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For Mature Moggies Week we’re outlining advice on caring for an older cat.

tabby cat having their head stroked

It’s Mature Moggies Week (13-17 November), a chance for Cats Protection to raise awareness of the older cats that take four times longer to home than their younger counterparts.

To find out why senior kitizens are so often overlooked, the UK’s leading feline welfare charity conducted some research on the topic. The survey revealed the following reasons stopping people from adopting an older cat:

It’s clear that the health of mature moggies is a major worry, but the reality is that cats are living longer thanks to advances in their care. Average life expectancy has risen and quality of life has improved, with many cats living into their late teens and even early 20s in great health.

For extra peace of mind, all current residents of Cats Protection have received a full health check and come with a full medical history.

If you’re already the lucky owner of a mature moggy, Cats Protection has put together some top tips to help you care for them.

  1. Get bi-annual vet checks – many vets offer regular health checks for cats aged 11 years or older that include blood pressure measurement and urine testing to ensure any issues can be detected early. Conditions such as arthritis, dental disease, diabetes and kidney disease are all treatable and are better identified earlier than later. Speak to your vet about how often your mature moggy should be checked over.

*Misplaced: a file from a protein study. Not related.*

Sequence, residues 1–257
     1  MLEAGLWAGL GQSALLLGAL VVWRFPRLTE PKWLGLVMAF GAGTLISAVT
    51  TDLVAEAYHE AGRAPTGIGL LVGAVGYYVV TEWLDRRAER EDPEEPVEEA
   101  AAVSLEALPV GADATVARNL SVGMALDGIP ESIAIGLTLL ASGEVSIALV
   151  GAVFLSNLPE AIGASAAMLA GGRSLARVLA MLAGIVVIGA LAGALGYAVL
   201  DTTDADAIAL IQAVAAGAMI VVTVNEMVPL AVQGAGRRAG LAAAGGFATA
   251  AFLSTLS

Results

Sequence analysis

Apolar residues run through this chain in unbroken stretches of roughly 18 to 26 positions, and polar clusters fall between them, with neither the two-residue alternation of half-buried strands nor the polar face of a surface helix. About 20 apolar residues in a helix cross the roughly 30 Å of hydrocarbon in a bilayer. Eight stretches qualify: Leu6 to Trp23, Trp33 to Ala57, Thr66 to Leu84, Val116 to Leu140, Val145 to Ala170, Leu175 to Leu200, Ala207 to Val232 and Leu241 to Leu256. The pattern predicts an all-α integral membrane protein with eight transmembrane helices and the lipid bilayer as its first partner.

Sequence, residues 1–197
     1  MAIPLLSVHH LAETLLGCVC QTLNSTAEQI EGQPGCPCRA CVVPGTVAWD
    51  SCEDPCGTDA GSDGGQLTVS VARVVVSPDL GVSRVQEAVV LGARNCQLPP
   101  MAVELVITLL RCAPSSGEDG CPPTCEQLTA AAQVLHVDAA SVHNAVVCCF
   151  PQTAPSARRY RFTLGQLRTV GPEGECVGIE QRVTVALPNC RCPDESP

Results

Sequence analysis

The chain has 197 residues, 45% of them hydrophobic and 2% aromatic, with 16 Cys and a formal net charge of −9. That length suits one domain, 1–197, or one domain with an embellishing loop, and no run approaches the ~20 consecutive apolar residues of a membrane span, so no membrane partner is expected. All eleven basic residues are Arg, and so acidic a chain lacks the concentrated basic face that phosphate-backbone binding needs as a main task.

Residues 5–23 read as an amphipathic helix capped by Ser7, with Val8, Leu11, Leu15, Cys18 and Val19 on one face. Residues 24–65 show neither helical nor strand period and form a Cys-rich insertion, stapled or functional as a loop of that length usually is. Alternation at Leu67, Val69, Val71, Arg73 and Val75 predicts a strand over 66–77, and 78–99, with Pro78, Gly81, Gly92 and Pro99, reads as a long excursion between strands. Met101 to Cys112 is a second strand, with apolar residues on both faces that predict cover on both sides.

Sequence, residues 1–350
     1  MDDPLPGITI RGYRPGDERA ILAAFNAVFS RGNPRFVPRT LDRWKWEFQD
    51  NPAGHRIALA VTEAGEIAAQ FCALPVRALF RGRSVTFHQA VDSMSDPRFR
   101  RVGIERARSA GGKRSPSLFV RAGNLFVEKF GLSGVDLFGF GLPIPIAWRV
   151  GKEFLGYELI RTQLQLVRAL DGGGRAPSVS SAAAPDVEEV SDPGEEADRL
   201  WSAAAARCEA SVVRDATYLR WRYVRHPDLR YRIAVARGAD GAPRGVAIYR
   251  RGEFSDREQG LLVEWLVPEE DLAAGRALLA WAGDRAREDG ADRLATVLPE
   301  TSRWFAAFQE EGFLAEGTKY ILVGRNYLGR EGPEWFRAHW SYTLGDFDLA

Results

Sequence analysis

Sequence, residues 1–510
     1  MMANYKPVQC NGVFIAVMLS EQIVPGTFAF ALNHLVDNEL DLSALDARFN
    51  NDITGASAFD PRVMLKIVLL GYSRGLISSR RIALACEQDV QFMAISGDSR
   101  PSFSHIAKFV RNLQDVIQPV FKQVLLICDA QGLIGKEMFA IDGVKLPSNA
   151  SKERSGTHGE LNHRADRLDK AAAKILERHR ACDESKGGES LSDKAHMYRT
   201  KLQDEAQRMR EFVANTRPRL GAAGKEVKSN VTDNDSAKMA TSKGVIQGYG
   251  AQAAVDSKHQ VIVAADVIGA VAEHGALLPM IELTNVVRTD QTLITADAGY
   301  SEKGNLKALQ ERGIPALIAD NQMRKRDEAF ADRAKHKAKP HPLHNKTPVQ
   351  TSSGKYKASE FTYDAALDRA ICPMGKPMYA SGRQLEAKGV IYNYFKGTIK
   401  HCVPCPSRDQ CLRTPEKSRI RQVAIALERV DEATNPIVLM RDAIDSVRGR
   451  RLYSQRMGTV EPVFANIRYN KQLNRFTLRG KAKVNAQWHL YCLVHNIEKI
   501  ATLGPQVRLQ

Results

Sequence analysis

2. Provide an age-appropriate diet – older cats prefer to be fed little and often and lots of commercial pet food brands offer a 'senior' product tailored just for their nutritional needs. Speak to your vet about ensuring your cat has a suitable diet and remember to make any changes slowly.
  3. Check for signs of pain – with your cat’s eyesight and hearing likely to deteriorate in old age, their environment will need to be adapted. Make sure all of your cat’s resources (food, water, bed and litter tray) are in easily accessible locations and look out for signs of stiffness and a reluctance to jump up or down, as these could be signs of arthritis. If you spot these signs or any other changes, speak to your vet.

To find out more about mature moggies, visit the Cats Protection website.

If you’re the proud owner of a senior kitizen, show the world just how amazing they are by leaving a comment below or sharing your photos and stories on Facebook, Twitter and Instagram using #MatureMoggies.

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